Wind farms everywhere

Wind farms everywhere

A brief note about the route numbering. It is (pretty well) marked as the Euro-cycle route R1, but on any German publicity (e.g. Tourism offices) it is known as the D3. They also mention that it is part of the long distance Euro-route EuroVelo 2. The publicity makes no mention of R1 which is actually signed. Very confusing.

I was due in Goslar that evening, which wasn't too far away, but I'd allowed for the hills. Despite their number, I didn't find these as bad as I'd thought - I just got on with them and had a rest at the top. I made good time and got to Langelsheim in time for lunch. I stopped at a cafe- just in time! At 1 pm, the cafe was shutting for lunch! I think they're taking the mittagspause a bit too seriously. I was allowed to sit at the only table outside and instructed to leave the plates there when I was finished. The door was locked behind me as I took my sandwich and cake out.

In Germany, just as it used to in Britain decades ago, most shops shut for lunch; they also close for a half day on Saturday, and often one day midweek. And everything, bar petrol stations, transport hubs and tourist sites, is closed on a Sunday. There are no 24 hour supermarkets - you'll be lucky to find anything open past 6pm (or maybe 8pm for the bigger supermarkets).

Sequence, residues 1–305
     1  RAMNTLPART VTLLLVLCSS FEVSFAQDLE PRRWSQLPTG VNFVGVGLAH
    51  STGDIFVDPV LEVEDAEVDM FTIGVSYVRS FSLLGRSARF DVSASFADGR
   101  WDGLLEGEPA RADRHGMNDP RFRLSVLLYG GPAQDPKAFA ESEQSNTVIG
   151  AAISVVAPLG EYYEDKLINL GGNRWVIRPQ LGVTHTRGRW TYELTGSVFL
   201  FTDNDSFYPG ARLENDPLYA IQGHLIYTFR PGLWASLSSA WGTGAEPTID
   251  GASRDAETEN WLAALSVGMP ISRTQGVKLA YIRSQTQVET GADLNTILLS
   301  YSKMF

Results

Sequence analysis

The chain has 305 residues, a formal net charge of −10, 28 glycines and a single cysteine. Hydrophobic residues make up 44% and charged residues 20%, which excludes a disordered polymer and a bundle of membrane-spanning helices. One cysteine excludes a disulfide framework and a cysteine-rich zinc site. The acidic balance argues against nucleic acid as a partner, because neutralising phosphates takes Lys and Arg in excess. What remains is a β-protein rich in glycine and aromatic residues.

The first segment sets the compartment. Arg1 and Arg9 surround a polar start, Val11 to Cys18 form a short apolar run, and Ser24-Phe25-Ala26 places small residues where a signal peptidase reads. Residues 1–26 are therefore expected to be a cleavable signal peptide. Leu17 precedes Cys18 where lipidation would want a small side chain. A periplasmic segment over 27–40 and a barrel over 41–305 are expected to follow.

Goslar street

Goslar street


Goslar market square

Goslar market square

Every time I think I'm at the top, another summit looms ahead. The couch I was surfing tonight was a little beyond beautiful Goslar, and looked like it was just round the side of another hill, but I seemed to manage to go over the top of it. A very pretty ride nonetheless, and I wasn't completely exhausted when I arrived at Quint's house. He was sitting in the back garden in his big beach chair. His house was nestled between the steep slopes of the hill I'djust tackled, and the one I'd face tomorrow. We sat and chated for a while before popping to the shops to buy things for an evening barbecue, which we enjoyed when his girlfriend Astrid got home. Then we had to discuss my destination for the next morning.... school!

Posted by bhambidge 13:04 Archived in Germany Tagged bicycle

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Comments

Your calf muscles will be ENORMOUS by the time you get home!!! well done Ben, I'm very proud of you.

by Jenny

Following your adventure s in the Harz mountains, you can then compare those of Jack and Eliza in the same region in your big book that you haven't read yet.

by Roman